At Jean Brown Research, we’re a longtime partner of clinical trials and sponsors. Our goal is to ensure accurate clinical research approaches in a variety of fields, from pain and vaccines to imaging and dermatology, among many others.

A big part of the oversight for these kinds of studies relates to the rights of test subjects, governed in a broad sense by Good Clinical Practice guidelines that we discussed in a recent blog. In particular, researchers must always note the tenets of ICH-GCP, or the International Conference on Harmonization-Good Clinical Practices guidelines. What are these, and how might they impact your research project? Let’s take a look.

Basics

The ICH-GCP is a harmonized standard that’s designed to protect the rights, safety and welfare of human subjects. It’s also meant to minimize human exposure to investigational products, improve the quality of data, speed up the marketing of new drugs and decrease the cost to sponsors and the public.

Compliance with this standard is consistent with the Declaration of Helsinki, and ensures that data is reliable. In our next section, we’ll go into the 13 core principles of ICH-GCP.

Principles

Here are the 13 core principles of the ICH-GCP:

  • Trials should be conducted in accordance with the Declaration of Helsinki and applicable regulatory requirements.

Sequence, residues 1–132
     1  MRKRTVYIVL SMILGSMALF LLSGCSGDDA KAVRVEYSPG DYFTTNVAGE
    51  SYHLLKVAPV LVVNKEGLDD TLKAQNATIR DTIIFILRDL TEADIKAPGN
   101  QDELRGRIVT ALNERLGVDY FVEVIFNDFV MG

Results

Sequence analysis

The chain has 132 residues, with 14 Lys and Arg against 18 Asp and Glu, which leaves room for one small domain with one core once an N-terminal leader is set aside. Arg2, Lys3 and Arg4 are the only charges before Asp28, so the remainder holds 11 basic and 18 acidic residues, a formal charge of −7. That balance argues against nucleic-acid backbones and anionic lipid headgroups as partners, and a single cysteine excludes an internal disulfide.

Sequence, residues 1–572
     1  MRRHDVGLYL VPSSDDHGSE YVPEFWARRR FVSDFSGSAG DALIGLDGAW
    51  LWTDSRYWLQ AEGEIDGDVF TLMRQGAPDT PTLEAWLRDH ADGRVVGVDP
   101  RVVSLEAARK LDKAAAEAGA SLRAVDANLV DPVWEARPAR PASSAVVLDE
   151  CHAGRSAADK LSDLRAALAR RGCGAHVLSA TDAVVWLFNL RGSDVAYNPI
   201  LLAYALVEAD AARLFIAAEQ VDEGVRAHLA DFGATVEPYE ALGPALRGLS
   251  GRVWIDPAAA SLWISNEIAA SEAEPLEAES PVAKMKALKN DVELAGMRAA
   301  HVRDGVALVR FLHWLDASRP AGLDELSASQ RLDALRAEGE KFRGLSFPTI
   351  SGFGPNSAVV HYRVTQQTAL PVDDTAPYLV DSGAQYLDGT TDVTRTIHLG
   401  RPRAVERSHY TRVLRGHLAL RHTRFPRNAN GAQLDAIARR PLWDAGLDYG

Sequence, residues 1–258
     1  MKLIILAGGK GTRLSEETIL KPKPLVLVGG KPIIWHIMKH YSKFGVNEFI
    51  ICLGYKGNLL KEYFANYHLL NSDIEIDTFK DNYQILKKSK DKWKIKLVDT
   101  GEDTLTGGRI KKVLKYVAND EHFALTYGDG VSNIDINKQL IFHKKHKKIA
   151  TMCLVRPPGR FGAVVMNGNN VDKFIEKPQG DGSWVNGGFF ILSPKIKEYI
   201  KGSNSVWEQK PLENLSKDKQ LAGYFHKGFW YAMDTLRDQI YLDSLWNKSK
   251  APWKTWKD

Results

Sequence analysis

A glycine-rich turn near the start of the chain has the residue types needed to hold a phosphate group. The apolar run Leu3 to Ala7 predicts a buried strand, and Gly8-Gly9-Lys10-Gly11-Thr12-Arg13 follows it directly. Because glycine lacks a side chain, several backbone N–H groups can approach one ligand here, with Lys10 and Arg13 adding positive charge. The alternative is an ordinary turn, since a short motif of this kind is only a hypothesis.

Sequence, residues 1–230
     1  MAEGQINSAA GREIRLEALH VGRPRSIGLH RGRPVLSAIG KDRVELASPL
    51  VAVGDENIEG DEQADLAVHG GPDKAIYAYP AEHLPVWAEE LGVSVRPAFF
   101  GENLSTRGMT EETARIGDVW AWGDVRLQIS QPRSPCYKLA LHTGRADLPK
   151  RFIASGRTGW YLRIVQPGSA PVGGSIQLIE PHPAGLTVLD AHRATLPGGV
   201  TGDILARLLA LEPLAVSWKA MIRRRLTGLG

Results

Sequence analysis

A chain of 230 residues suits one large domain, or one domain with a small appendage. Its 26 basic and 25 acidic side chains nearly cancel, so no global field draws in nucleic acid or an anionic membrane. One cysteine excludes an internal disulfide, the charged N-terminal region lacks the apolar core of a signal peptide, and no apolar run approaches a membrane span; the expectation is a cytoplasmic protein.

• Before trials begin, risks and inconveniences should be weighted against benefits for the trial subjects and society at large. A trial should only proceed if benefits outweigh risks.
  • Rights, safety and well-being of subjects are the most important considerations and should hold the most weight.
  • All available information should be adequate to support the proposed trial.
  • Trials should be scientifically sound and described in clear, detailed protocol.
  • Trials should be conducted in compliance with protocols from a prior institutional review board or independent ethics committee.
  • Any medical care or decisions for trial subjects should be carried out by qualified physicians.
  • Every individual conducting the trial should be qualified in education, training and experience.
  • Freely given informed consent must be collected form all subjects prior to participation.
  • All trial information should be recorded, handled and stored in proper ways that ensure accuracy.
  • Confidentiality of records should be protected.
  • Any investigational products should be manufactured, handled and stored in compliance with Good Manufacturing Practice (GMP).
  • Systems with procedures that assure that quality of every aspect of the trial should be implemented.

Want to learn more about ICH-GCP guidelines, or interested in finding out how to participate in pink eye clinical studies, hernia surgery studies, a bunion removal study or any of our other clinical trials? Speak to the pros at Jean Brown Research today.